In life, we need to hear the negative every now and then so that we might be warned about possible dangers and how to avoid them. Jude makes it clear, he was hoping to write an positive letter, but the need of his time forced him to write a very different kind of letter. He uses all his energy to plead with readers to stick to the truth and to reject falsehood – knowing that the decision we make will be the difference between heaven and hell.
Ancient letters typically began with an identification of the sender, an identification of the recipient, and a greeting. Jude follows this convention, but expands and modifies each part. Thus, he not only identifies himself and his recipients, but he provides for each a brief description that helps us understand what this letter is about.
Most New Testament letters move into a thanksgiving and prayer after the initial salutation and greetings. But Jude skips these points, getting right to the heart of what his letter is about. In these two verses, he explains the occasion and theme of this letter.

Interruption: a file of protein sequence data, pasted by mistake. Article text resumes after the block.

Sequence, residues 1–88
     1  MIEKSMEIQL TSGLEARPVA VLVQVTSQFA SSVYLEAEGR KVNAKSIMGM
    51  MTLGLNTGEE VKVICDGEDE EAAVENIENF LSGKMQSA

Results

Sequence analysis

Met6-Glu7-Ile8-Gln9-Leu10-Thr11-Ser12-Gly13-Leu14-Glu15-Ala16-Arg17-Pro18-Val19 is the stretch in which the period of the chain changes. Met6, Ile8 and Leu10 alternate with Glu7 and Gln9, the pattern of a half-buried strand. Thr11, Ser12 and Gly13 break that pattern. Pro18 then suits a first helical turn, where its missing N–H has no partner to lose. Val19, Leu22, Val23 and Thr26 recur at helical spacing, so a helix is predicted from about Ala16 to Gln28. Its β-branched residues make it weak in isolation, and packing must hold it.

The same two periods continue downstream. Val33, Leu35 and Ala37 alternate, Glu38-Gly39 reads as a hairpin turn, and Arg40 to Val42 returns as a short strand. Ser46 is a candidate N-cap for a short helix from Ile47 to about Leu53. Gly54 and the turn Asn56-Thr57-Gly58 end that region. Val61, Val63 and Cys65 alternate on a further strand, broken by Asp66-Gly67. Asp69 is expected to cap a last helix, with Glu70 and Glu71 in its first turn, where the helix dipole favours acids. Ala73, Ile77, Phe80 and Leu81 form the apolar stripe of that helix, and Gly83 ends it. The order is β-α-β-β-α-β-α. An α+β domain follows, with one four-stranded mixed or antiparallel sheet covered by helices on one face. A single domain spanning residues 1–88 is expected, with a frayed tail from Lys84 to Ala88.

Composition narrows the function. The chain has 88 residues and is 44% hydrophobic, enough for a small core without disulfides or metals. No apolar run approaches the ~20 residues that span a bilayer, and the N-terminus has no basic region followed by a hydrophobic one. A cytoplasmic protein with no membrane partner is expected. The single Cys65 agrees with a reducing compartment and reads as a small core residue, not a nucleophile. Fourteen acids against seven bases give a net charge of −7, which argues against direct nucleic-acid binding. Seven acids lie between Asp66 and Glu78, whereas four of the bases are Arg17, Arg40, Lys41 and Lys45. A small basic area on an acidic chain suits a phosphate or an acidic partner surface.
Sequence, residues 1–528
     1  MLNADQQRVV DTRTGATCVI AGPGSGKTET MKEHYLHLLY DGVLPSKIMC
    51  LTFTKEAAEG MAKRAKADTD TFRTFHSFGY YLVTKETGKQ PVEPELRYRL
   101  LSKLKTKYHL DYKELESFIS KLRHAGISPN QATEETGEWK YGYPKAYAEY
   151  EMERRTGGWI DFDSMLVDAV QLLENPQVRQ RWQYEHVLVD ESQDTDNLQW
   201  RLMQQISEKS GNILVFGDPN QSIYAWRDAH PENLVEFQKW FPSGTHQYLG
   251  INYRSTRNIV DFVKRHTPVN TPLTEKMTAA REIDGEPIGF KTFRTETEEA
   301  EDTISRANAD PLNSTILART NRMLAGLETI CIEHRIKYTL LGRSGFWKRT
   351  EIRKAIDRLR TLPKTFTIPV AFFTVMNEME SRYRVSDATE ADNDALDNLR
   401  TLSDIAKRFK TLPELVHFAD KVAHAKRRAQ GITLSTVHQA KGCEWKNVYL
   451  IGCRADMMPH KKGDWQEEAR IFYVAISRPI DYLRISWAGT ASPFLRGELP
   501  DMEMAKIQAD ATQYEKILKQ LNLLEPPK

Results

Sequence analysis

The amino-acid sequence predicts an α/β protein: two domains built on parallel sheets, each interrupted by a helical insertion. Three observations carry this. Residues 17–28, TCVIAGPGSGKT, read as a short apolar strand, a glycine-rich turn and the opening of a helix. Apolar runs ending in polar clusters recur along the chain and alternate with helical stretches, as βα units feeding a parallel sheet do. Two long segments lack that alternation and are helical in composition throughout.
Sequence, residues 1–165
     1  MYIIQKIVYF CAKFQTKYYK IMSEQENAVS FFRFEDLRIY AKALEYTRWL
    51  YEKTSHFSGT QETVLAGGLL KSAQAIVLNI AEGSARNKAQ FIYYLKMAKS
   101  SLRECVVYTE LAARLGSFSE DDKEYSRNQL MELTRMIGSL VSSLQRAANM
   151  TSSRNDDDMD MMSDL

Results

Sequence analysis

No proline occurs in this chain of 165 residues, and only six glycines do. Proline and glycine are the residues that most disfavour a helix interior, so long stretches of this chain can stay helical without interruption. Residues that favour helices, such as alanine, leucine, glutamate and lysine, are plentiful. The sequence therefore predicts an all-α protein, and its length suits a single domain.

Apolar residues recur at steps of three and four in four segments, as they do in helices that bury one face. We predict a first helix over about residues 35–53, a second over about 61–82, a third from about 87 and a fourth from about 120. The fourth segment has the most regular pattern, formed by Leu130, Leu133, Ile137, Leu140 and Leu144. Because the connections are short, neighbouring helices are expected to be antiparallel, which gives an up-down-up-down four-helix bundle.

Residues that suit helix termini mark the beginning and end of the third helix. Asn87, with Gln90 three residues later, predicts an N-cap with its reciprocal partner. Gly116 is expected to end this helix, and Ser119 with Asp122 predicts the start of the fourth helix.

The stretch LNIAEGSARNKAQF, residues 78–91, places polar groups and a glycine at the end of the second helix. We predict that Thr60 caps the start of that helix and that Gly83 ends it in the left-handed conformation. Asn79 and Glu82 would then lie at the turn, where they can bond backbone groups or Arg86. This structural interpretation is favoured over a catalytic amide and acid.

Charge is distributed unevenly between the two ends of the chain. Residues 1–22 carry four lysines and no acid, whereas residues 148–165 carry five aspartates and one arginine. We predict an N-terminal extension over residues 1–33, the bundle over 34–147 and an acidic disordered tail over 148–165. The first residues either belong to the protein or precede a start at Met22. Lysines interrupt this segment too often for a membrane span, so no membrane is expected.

In verses 5-10, Jude elaborates verse 4, describing and condemning the false teachers. These verses fall into three major sections, in each of which Jude cites Old Testament or Jewish traditional material and then applies it to the false teachers.
Jude is not yet finished with the false teachers. So concerned is he about their potential to harm his readers’ walk with the Lord that he is not satisfied his strong polemic against them in verses 5-10 has done the job. He thus launches on more attack against them.
Jude caps his denunciation of the false teachers with a prophecy. This in itself is nothing unusual, New Testament writers often apply ancient prophecies to their own situations. But what is unusual about this prophecy is its source…
We should not forget that Jude’s letter was not written to the false teachers; it was written to faithful Christians. These believers, faced with an onslaught of false teaching in their churches, needed reassurance and instruction. This Jude provides in his letter.
This doxology is frequently used by pastors as a liturgical form of dismissal, primarily because it is one of the longest and most beautiful doxologies in the New Testament. Jude expands the usual doxology “form”. Some of his additions may have simply been picked up from traditional phraseology, but others relate back to some important themes from the letter.